The gateways and alleys into the space have all been improved and populated with retailers keen to take advantage of the increased footfall and this regeneration has now spilled out into the surrounding streets. As a piece of urban design achieving a permeable pedestrian network in the heart of the town it is very successful.

The transformation has been achieved largely by the critical partnership between The Greenwich Hospital, the overarching charitable trust, and the Local Borough. There were a number of strategies to be aligned and agreed before much progress could be made. Previous plans for a more comprehensive redevelopment had been strongly resisted by the authority and the community. Issues of conservation versus change and regeneration versus gentrification had to be dealt with and consolidated into a shared vision. The current ambitions to incrementally ‘enhance and improve’ are more popular and widely supported.

Interestingly in this case it appears that a talented firm of London architects were very instrumental in identifying the extent of the opportunities and developing a programme of consultation which was sufficiently inclusive and inspirational to bring everyone along.

Originally commissioned by the Hospital simply to refurbish a vacant property on the corner of the block, Barr Gazetas architects began to explore the bigger picture. An overall strategy was developed for refurbishing shops, converting basements, and developing flats above. With the advantage of the overall control of one landlord the process could happen over a relatively short time scale. Leases were rearranged, tenants could be decanted and temporarily relocated, the refurbishments could be economically programmed and the eventual mix and location of tenants and traders could, to some extent, be controlled. Although not an unusual strategy it has been done with a great deal of sensitivity and flair.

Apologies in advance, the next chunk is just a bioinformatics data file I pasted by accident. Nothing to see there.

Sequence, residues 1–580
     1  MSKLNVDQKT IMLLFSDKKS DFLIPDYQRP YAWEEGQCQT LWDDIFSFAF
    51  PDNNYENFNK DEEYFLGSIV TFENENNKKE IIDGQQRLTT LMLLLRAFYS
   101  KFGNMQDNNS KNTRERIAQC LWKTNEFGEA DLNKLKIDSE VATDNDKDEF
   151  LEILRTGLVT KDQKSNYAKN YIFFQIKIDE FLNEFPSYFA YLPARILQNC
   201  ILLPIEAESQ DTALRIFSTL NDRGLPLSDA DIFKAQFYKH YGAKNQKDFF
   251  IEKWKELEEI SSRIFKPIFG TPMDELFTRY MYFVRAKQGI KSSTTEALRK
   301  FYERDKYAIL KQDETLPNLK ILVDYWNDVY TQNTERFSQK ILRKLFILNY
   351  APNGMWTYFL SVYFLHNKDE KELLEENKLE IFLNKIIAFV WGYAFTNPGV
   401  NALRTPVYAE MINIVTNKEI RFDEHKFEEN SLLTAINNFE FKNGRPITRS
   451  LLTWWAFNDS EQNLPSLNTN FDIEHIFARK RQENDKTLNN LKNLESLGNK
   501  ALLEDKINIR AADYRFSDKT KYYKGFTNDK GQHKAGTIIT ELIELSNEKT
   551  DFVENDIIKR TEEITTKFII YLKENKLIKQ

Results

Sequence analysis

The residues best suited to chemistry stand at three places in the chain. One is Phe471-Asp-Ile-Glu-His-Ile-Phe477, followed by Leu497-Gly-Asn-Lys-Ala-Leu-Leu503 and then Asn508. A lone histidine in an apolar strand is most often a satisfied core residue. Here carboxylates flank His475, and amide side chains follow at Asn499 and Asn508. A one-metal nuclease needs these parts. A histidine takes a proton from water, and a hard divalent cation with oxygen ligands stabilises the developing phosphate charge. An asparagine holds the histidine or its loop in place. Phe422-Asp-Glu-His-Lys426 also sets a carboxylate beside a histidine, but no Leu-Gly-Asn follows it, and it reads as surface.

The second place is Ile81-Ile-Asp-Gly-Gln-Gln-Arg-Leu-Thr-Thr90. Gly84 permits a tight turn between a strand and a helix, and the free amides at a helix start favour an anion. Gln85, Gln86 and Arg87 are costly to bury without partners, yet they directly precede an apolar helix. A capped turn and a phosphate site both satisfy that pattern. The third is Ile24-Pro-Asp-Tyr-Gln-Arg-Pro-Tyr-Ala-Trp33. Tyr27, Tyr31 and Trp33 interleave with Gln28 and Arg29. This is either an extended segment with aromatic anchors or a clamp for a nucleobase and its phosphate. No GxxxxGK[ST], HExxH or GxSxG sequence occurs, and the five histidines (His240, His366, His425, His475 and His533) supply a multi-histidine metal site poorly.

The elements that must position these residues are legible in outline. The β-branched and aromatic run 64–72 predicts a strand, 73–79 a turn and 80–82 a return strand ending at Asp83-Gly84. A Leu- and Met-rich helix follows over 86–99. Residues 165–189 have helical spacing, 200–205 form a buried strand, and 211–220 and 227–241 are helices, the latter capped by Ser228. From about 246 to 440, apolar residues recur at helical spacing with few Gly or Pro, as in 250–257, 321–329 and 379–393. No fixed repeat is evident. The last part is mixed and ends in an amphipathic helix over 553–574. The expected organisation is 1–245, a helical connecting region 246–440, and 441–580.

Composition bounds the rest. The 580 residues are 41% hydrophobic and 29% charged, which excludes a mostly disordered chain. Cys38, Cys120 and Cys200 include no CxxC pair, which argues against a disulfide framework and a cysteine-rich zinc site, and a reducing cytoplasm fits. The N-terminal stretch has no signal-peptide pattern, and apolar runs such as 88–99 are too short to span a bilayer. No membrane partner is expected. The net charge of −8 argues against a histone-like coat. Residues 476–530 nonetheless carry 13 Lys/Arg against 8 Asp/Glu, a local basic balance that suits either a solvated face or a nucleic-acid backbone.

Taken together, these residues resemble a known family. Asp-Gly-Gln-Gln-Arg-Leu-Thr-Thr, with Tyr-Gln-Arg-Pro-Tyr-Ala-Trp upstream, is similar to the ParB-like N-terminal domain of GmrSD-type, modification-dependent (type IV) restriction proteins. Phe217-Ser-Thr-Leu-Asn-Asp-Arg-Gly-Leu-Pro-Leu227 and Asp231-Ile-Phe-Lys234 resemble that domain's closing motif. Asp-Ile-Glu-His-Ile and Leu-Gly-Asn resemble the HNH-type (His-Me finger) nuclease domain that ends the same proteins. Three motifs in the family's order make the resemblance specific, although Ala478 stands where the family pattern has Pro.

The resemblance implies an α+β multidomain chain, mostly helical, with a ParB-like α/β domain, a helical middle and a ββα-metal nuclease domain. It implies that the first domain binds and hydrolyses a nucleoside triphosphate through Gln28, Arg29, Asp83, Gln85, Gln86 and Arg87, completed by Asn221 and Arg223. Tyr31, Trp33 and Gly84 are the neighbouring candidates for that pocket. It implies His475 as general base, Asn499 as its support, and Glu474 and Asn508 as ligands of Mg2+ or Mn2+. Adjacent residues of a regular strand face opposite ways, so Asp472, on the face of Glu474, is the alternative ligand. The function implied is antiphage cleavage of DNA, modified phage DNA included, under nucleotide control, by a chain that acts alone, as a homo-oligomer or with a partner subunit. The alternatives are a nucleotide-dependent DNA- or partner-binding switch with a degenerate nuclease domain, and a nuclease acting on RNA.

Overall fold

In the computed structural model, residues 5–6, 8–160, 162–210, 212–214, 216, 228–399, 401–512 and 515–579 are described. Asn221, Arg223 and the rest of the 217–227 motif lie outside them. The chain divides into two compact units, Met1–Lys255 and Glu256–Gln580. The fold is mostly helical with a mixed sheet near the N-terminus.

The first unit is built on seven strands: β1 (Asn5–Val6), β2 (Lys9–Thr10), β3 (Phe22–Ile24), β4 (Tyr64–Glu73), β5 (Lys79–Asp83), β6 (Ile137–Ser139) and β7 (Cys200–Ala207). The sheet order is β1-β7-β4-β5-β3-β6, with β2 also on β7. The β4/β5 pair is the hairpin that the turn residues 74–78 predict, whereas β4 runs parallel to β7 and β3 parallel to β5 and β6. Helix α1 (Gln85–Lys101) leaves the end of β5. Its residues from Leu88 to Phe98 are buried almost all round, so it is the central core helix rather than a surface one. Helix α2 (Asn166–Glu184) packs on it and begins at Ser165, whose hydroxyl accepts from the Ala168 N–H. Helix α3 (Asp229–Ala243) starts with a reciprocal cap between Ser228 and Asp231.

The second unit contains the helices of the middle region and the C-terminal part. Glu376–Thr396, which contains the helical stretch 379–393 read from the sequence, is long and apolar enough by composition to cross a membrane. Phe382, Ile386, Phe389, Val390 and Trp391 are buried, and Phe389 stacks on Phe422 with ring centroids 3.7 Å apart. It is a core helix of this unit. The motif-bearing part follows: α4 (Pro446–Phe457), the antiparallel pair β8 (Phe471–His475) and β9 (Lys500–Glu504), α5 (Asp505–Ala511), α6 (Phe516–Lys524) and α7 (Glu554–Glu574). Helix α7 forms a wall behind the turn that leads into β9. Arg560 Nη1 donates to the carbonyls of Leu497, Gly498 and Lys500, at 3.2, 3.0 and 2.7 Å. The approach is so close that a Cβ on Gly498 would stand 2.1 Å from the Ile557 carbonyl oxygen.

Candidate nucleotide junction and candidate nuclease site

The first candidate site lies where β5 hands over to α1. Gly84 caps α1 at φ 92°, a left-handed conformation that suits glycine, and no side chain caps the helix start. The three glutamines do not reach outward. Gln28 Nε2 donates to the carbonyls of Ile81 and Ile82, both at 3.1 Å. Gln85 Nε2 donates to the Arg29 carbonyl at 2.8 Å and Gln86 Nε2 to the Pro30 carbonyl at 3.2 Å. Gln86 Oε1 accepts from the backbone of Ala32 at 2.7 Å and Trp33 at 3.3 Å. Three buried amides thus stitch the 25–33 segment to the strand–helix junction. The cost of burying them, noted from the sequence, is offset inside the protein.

There is no question that the transformation has been very successful. In 1985 the market had been reduced to an ad hoc event one day a week. Now it operates seven days a week selling crafts, collectables and street food. There is 2000 sq. ft. of trading space and 200 regular stall holders.

The market management promote the new space as ‘not only a market but a community centre’. There is certainly a programme of regular events which are clearly well supported by a community who feel a strong sense of ownership and the partnerships with the University of Greenwich and Trinity Laban Conservatoire of Music and Dance contribute to its cultural identity.

Considering the usual criteria by which such places can be assessed, there is no doubt that this thriving and attractive place is the consequence of clear leadership and good governance with the inclusion and enthusiastic participation of the community. The design has been sensitively handled in a conservation context and it appears to be a commercial success.

It will be interesting to see how viable the market itself remains going forward. It is becoming increasingly clear that with high street retail moving on line, other types of trading will attract people into our town centres and this is a fine and significant example.

The Academy of Urbanism (Number 2) Limited is a not-for-profit organisation limited by guarantee registered in England and Wales 0595604, 11c Milton Road, Cambridge CB4 IXE, United Kingdom.